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AI is a fantastic resource that can enhance English language learning experiences for students all over the world, but it will not replace the teacher - according to an expert from Cambridge.
Dr Evelina Galaczi from Cambridge University Press & Assessment made the comments at the British Council’s New Directions Conference held in Brazil. She presented Cambridge’s seven key principles for successfully integrating AI into the English language classroom and stressed the importance of not letting AI do all the work.
‘AI provides fantastic opportunities for the English classroom such as more personalised learning journeys, fast content creation and really smart ways of supporting teachers,’ commented Dr Galaczi, Director of Research at Cambridge University Press & Assessment. She continued: ‘But AI doesn’t have all the answers and will not replace the teacher. At Cambridge we’d recommend learners and teachers take a common-sense approach to integrating AI in the classroom. This includes being aware of the risks of AI such as inaccurate content, bias, copyright and of course issues around cheating. To help get the best out of AI we’ve set out seven key principles which focus on keeping the human in the loop at all times to ensure this exciting trend really does enhance the English language learning experience.’
Galaczi outlined Cambridge’s seven key principles for using AI in the English language classroom:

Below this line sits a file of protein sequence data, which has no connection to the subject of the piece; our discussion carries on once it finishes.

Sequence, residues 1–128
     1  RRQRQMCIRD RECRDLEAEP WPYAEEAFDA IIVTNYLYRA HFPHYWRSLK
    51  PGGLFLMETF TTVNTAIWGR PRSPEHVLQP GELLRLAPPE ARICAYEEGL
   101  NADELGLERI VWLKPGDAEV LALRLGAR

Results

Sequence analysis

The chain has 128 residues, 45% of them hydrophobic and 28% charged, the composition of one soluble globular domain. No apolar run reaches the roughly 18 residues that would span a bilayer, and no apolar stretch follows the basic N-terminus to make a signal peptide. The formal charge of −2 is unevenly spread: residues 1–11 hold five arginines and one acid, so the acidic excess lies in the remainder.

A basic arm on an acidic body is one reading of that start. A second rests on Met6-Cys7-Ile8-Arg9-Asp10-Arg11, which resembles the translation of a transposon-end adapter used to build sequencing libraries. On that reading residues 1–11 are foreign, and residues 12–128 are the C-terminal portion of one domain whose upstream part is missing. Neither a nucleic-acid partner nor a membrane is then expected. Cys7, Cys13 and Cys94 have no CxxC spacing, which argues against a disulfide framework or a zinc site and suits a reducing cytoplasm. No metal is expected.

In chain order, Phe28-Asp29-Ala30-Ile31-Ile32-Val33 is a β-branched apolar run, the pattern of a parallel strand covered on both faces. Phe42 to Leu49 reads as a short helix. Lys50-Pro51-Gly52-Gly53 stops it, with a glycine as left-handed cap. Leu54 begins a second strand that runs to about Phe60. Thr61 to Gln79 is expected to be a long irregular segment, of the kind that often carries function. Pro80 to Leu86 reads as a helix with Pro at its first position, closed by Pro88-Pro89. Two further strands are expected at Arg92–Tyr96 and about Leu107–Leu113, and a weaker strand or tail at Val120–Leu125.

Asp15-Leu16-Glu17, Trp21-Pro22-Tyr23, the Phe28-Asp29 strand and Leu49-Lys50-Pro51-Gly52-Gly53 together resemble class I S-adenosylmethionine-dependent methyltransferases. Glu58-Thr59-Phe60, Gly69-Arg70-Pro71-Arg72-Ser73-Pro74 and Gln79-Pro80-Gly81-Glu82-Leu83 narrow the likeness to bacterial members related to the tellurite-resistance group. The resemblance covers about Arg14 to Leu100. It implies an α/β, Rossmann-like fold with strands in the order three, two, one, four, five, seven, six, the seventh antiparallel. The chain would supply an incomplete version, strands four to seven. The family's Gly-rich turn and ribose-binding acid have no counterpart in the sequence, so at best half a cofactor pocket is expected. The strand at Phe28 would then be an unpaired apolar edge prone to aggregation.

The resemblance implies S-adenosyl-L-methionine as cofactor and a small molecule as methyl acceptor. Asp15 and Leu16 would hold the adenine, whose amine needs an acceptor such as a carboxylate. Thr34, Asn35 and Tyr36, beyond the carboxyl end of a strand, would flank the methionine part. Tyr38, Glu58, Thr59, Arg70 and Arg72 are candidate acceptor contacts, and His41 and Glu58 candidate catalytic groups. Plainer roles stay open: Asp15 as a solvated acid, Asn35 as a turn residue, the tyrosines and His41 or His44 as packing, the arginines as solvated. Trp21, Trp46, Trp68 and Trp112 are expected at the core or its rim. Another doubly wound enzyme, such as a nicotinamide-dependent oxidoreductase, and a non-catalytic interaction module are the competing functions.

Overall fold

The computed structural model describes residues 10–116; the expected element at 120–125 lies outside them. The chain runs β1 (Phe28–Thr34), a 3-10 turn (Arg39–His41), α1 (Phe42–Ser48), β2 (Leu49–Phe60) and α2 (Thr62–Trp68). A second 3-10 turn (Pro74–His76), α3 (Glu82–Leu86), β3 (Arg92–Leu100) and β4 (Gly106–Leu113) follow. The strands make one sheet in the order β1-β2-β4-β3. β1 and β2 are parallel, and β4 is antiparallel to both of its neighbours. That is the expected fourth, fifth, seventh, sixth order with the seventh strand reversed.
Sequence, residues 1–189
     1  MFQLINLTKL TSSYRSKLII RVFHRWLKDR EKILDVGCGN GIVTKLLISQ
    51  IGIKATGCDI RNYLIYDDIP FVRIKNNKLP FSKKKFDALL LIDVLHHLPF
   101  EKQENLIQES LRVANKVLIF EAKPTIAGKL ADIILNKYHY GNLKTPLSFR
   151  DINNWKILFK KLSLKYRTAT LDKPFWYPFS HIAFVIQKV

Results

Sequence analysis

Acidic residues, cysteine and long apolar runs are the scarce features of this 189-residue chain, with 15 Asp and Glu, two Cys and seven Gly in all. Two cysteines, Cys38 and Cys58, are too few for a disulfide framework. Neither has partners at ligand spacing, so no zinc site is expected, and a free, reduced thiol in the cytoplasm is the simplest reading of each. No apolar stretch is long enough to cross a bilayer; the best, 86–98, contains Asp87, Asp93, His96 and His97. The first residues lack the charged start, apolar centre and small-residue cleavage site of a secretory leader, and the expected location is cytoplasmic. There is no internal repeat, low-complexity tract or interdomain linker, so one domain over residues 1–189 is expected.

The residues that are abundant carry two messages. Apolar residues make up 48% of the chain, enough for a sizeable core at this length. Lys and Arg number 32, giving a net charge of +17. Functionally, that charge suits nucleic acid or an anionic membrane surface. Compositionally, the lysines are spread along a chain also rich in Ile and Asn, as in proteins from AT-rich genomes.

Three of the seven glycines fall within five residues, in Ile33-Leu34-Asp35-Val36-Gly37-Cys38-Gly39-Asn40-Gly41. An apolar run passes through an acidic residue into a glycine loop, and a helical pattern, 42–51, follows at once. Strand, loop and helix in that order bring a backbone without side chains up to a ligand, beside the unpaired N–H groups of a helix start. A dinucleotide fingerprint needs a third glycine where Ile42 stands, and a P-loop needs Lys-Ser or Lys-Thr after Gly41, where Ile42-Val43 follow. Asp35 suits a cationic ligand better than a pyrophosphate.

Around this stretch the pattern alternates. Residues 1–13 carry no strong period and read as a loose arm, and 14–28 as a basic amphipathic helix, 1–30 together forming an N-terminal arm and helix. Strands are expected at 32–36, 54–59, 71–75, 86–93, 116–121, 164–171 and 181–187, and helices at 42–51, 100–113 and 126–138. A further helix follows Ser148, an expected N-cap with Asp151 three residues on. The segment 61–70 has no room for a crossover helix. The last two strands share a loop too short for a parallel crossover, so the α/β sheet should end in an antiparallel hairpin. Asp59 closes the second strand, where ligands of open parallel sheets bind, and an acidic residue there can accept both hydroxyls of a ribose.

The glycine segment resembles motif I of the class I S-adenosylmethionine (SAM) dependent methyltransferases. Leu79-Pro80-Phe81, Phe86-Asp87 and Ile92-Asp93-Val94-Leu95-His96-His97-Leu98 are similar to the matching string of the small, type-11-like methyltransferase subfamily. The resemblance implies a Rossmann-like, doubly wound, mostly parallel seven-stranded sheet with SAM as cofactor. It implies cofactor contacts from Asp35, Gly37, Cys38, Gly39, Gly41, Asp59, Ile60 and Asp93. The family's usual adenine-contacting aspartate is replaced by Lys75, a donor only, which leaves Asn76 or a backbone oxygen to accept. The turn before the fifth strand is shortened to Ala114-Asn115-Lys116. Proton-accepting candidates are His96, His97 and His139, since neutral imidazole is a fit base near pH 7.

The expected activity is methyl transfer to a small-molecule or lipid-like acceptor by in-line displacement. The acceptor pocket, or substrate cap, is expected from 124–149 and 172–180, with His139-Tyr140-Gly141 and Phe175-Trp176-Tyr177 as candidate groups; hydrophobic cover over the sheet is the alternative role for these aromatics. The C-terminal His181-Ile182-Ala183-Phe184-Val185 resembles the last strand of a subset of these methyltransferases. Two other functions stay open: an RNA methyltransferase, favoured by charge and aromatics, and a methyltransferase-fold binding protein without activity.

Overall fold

On whether teachers will be replaced by AI, Galaczi said:
‘Teaching is still very human centred, and AI can’t replace the social and emotional aspect of learning, but it can really enhance the experience. Teachers will continue to play a very crucial role but teaching practices will change. There are a number of things that teachers can do now to enhance learning experiences through AI. This includes developing classroom activities that make use of tools such as Chat GPT. For example teachers can ask their students to correct or rewrite an AI powered response on a particular topic. These are the types of small steps you can take now to be ready for the future.’
Dr Galaczi also commented on how the English language sector is changing rapidly and how Cambridge is focussing on several areas including personalising learning experiences, harnessing AI and machine learning aligned to human needs, and integrating learning and assessment into people’s learning journeys.